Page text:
The Senate last week passed a resolution asking President Goodluck Jonathan to set up the National Council on Public Procurement to stop what Senate President David Mark described as “sheer illegality” in government contract awards.
While their position is understandable since the Public Procurement Act 2007 remains the subsisting law, I believe it is important for all the critical stakeholders to adopt a more serious approach to resolving an issue that impinges on transparency and accountability in our country.
The story began on June 4, 2007, when the late President Umaru Musa Yar'Adua assented to the Public Procurement Act among other Bills passed by the National Assembly on May 31, 2007, (two days after President Obasanjo left office) with only a week to the expiration of their own tenure. A month later, Eng. Emeka Ezeh, who had been appointed acting Director General, Bureau of Public Procurement (BPP) to oversee the activities of the new institution pending inauguration of the National Council, wrote to then Chief of Staff to the President, General Abdullahi Mohammed, on the need to expedite action on the issue.
Following this letter, then Secretary to the Government of the Federation, Ambassador Baba Gana Kingibe began the process for the Council's inauguration based on Section 1 of the Act which specifies that it be chaired by the Minister of Finance (Dr. Shamsudeen Usman). Government members were to include: Attorney General of the Federation (Chief Mike Aondoakaa); Secretary to the Government of the Federation (Kingibe himself); Head of Civil Service of the Federation (Eng. Ebele Okeke) and Economic Adviser to the President (Mallam Tanimu Yakubu). There were also to be six part-time members that had already been nominated to represent: Nigeria Institute of Purchasing and Supply Management (Mr. Job Oyedijo); Nigeria Bar Association (Mr Olatoye Wahab Okunola); Nigeria Association of Chambers of Commerce and Industry (Mrs Stella Okoli); Nigeria Society of Engineers (Mr. Mustapha Bulama); Media (Mr Samuel Benson Iyoyo) and the civil society (Mr Auwal Ibrahim Musa popularly known as Rafsanjani).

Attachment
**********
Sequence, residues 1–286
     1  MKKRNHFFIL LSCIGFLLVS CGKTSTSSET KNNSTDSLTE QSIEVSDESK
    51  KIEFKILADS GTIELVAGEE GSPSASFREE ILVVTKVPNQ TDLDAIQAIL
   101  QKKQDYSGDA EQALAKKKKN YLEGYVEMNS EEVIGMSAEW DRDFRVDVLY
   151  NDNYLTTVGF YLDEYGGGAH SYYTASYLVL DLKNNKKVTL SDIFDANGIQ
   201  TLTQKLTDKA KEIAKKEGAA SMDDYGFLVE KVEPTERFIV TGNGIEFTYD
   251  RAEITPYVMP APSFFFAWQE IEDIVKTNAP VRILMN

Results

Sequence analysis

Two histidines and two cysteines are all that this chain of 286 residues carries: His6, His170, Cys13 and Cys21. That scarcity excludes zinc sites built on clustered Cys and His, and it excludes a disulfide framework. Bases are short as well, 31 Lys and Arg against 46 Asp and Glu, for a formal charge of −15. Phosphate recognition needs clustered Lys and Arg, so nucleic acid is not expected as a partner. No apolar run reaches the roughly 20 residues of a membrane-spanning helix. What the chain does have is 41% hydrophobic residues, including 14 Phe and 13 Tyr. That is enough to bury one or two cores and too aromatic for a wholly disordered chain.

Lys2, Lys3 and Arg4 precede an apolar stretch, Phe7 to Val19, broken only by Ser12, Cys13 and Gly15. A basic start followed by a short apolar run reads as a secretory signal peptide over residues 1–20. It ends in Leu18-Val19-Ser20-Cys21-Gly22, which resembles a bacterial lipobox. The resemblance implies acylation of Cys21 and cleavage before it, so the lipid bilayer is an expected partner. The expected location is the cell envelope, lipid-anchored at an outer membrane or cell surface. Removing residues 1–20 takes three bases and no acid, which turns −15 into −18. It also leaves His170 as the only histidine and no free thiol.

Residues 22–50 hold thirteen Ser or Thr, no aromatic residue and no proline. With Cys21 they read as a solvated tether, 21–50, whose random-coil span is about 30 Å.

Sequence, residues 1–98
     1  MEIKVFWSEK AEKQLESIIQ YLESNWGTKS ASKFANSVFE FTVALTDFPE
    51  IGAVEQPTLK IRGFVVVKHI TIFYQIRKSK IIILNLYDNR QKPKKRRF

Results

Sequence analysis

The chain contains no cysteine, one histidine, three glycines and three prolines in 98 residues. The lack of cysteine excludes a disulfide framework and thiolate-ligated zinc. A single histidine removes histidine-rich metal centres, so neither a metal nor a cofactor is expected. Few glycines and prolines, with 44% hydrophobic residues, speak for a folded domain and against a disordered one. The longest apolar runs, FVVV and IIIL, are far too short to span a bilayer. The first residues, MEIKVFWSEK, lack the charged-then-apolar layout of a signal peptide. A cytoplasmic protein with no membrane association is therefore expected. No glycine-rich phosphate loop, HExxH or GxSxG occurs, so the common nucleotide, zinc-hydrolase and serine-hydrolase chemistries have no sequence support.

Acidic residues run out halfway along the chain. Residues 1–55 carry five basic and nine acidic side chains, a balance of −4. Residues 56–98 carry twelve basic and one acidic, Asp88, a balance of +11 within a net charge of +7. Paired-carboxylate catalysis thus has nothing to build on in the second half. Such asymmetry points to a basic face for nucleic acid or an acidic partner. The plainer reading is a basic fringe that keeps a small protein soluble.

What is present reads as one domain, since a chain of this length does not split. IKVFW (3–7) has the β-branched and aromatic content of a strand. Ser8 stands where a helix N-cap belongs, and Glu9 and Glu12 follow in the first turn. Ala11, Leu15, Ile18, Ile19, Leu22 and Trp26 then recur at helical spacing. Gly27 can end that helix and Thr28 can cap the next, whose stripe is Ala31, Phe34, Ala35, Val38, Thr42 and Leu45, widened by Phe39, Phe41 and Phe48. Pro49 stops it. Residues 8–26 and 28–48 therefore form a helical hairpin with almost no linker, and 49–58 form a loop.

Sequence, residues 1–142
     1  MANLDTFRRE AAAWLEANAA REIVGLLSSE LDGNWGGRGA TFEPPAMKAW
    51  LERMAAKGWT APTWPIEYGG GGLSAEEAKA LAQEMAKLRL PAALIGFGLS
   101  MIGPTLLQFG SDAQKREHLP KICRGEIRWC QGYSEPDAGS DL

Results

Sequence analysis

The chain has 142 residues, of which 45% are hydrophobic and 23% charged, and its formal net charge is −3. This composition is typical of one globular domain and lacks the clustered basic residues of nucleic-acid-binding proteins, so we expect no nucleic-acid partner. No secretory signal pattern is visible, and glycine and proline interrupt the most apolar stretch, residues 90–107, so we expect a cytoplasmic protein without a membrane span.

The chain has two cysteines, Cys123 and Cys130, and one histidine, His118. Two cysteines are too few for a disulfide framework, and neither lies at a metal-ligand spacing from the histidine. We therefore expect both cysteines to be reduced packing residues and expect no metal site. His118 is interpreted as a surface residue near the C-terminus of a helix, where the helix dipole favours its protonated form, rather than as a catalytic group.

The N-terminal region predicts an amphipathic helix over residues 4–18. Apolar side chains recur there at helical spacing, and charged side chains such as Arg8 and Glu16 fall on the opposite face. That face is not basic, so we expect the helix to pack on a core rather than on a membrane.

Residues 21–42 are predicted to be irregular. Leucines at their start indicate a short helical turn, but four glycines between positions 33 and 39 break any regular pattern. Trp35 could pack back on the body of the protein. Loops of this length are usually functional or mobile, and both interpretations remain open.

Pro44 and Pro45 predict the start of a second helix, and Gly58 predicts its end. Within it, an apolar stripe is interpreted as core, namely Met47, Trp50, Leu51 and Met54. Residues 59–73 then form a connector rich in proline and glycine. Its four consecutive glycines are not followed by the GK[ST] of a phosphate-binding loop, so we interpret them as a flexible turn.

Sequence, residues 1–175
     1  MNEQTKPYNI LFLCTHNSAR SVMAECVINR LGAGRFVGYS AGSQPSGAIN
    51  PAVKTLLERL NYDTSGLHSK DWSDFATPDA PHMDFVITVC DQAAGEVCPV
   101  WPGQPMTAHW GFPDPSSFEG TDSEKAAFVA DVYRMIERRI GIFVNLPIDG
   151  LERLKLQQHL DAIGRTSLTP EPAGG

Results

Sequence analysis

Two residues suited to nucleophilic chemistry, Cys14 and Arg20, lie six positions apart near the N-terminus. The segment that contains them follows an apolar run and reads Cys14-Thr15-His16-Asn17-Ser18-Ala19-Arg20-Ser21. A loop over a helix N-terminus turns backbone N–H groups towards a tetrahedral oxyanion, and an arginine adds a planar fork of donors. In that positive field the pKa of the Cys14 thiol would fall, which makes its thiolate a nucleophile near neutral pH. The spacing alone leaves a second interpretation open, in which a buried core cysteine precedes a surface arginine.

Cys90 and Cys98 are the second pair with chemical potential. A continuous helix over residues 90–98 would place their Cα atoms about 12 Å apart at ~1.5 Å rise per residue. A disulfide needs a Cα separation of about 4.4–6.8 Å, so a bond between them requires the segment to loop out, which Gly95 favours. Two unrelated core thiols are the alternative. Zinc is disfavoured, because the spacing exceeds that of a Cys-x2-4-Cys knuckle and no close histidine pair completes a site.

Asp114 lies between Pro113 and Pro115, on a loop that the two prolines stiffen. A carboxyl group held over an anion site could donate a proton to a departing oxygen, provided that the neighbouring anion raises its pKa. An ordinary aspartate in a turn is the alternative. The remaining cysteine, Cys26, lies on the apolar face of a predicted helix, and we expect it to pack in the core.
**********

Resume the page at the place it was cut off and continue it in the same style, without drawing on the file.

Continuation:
But before the ceremony commenced on September 20, 2007, members were quietly dispersed with assurances that they would be invited back for the inauguration in due course. Five years later, they are still waiting. Now what are the issues? Shortly before the president left his office for the inauguration, his attention was drawn to certain provisions of the Act which had distorted the original intent of the reform and would make its implementation difficult. One, the Federal Executive Council had been stripped of any function with regards to awards of contract. Two, the Act as passed leaves the decÄ±sÄ±on to superintend contracts to PublÄ±c and CÄ±vÄ±l Servants who make up the two (Parastatals and Ministerial) Tenders Boards. Three, the Council (to be chaired by the Finance Minister) would approve the appointment of BPP Director General as well as set guidelines and policies on public procurement. Four, the Act also put an unrealistic threshold of 15 percent advance payment for all contracts, including procurements.
Following the dramatic suspension of the Council's inauguration, a meeting was called by the president to examine the contentious provisions in the Act which was reviewed by the State House Counsel, Mr. Jalal Arabi. It was basically the inputs from his office which later became "a Bill for an Act to amend the Public Procurement Act 2007". Aside reinstating the original clause which gives the Federal Executive Council power to deliberate over contracts exceeding a certain threshold, Section 2 of the new Bill reads: "Section 1 of the principal Act is amended by substituting for subsection (2) thereof a new subsection as follows- The Council shall consist of a chairman who shall be appointed by the president..."